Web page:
Le sanzioni economiche funzionano davvero?

CAMBRIDGE – Con i giornali che parlano delle sanzioni economiche occidentali contro la Russia, l'Iran e Cuba, è il momento giusto per fare il punto sulla loro efficacia. Una risposta breve al dibattito sull'argomento è che le sanzioni economiche hanno, generalmente, effetti modesti, anche se possono essere un buon mezzo per dimostrare una volontà morale. Se il loro ruolo nella politica del ventunesimo secolo è destinato a crescere, forse vale la pena chiedersi se in passato abbiano funzionato davvero.

Come osservano Gary Hufbauer e Jeffrey Schott nel loro noto libro sul tema, l'origine delle sanzioni economiche risale almeno al 432 a.C., quando lo statista e generale greco Pericle emanò il cosiddetto "decreto contro Megara" in risposta al rapimento di tre etere di Aspasia. Nella modernità, gli Stati Uniti hanno utilizzato le sanzioni economiche per raggiungere obiettivi diversi, dalla promozione dei diritti umani sotto l'amministrazione Carter negli anni '70, ai  tentativi di impedire la proliferazione nucleare negli anni '80.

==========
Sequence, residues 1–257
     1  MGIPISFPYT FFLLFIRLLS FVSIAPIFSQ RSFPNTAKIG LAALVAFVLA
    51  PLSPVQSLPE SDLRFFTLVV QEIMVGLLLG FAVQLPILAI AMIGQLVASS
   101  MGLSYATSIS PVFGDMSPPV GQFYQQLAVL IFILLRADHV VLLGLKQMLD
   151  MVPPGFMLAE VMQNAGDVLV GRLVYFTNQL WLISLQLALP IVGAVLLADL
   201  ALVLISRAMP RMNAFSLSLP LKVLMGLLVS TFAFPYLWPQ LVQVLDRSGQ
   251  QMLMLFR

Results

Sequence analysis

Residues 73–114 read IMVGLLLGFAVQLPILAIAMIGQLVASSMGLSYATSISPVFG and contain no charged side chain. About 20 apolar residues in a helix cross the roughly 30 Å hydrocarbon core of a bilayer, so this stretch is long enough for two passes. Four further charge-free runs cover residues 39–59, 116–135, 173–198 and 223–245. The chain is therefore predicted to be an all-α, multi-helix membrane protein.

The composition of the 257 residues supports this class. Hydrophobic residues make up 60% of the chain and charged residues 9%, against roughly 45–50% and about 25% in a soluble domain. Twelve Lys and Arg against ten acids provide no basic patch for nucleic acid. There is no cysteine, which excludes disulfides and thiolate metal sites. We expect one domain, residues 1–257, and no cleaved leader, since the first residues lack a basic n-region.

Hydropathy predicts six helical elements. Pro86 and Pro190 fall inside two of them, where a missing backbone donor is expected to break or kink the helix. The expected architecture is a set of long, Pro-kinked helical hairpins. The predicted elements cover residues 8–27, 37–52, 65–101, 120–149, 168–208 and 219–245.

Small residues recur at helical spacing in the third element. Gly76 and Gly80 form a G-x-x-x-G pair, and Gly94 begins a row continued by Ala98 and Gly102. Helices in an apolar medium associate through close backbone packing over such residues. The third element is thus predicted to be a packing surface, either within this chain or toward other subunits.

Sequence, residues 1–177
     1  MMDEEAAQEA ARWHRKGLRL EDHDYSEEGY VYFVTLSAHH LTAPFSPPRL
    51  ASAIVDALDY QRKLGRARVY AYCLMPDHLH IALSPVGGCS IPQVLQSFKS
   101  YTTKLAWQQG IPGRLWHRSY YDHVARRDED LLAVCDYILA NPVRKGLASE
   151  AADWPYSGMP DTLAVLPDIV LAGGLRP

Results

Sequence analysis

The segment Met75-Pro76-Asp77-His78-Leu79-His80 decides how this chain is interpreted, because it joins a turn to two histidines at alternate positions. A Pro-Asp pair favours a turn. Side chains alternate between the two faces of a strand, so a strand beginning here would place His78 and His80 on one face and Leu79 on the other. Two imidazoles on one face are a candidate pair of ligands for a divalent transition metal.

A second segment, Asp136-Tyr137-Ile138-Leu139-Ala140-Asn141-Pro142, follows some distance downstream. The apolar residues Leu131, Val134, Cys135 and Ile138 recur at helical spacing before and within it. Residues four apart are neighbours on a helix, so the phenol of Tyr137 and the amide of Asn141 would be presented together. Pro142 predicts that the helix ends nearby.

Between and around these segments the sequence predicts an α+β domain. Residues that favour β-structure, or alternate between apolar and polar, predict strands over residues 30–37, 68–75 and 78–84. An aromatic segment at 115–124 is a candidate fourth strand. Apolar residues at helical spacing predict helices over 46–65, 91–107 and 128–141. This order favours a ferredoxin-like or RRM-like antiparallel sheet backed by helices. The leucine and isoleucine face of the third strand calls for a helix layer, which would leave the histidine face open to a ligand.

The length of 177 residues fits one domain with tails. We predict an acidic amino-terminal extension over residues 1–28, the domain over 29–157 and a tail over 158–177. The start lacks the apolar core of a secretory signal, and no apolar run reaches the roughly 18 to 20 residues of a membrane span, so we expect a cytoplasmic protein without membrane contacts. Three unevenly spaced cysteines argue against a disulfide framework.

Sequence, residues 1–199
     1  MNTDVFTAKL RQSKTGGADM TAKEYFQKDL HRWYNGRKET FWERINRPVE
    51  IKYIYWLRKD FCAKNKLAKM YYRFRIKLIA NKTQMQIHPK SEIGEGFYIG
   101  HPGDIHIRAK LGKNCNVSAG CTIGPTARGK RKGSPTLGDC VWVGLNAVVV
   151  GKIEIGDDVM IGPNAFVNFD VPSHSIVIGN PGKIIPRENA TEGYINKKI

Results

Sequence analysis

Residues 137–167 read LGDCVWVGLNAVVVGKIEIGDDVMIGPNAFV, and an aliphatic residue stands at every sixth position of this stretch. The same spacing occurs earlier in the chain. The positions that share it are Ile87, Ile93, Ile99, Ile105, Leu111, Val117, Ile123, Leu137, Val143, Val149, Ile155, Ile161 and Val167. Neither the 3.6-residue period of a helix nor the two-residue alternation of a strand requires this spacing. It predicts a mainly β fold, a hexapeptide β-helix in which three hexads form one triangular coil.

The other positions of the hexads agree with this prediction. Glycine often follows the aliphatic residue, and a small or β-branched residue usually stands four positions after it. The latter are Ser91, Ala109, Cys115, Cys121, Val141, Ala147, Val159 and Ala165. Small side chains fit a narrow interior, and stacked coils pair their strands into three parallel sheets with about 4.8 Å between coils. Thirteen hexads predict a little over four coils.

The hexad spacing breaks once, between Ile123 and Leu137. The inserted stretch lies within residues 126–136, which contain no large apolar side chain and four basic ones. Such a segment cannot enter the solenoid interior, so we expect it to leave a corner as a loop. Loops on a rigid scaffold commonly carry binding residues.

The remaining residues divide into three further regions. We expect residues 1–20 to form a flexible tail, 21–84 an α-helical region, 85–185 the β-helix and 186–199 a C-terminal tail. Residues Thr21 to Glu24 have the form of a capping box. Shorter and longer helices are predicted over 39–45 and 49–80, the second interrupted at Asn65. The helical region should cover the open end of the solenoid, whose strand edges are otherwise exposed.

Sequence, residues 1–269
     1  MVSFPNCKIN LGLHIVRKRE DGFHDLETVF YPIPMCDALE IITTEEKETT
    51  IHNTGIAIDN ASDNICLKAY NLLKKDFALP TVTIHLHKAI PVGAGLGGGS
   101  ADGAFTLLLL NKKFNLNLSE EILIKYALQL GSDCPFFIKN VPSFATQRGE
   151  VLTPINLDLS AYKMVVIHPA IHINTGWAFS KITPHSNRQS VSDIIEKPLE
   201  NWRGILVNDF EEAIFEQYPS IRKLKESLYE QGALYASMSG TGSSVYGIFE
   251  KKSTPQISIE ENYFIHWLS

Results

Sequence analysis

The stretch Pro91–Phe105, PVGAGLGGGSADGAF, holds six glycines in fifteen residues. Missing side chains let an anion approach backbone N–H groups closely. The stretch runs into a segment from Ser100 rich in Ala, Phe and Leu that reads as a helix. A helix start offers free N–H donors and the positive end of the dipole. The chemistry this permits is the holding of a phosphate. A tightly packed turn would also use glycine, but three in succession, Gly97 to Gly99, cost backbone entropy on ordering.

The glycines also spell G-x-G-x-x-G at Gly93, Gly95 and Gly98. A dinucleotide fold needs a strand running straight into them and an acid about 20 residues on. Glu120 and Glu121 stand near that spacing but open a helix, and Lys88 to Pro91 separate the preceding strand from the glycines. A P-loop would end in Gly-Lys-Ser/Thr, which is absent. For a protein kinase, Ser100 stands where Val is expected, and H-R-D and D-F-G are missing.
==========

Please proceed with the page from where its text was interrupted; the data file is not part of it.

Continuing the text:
Durante la Guerra Fredda, gli Stati Uniti fecero ricorso alle sanzioni economiche per destabilizzare governi ostili, soprattutto in America Latina, ma queste sembrano aver avuto un ruolo minore, anche laddove un cambio di regime, alla fine, c’è stato. Le sanzioni economiche nei confronti della Serbia nei primi anni '90 non impedirono l'invasione della Bosnia e, certamente, la simbolica punizione, da parte del governo degli Stati Uniti, della leggenda degli scacchi Bobby Fischer (per aver giocato una partita a Belgrado, in violazione delle sanzioni) non arrecò alcun sollievo all'assediata Sarajevo.

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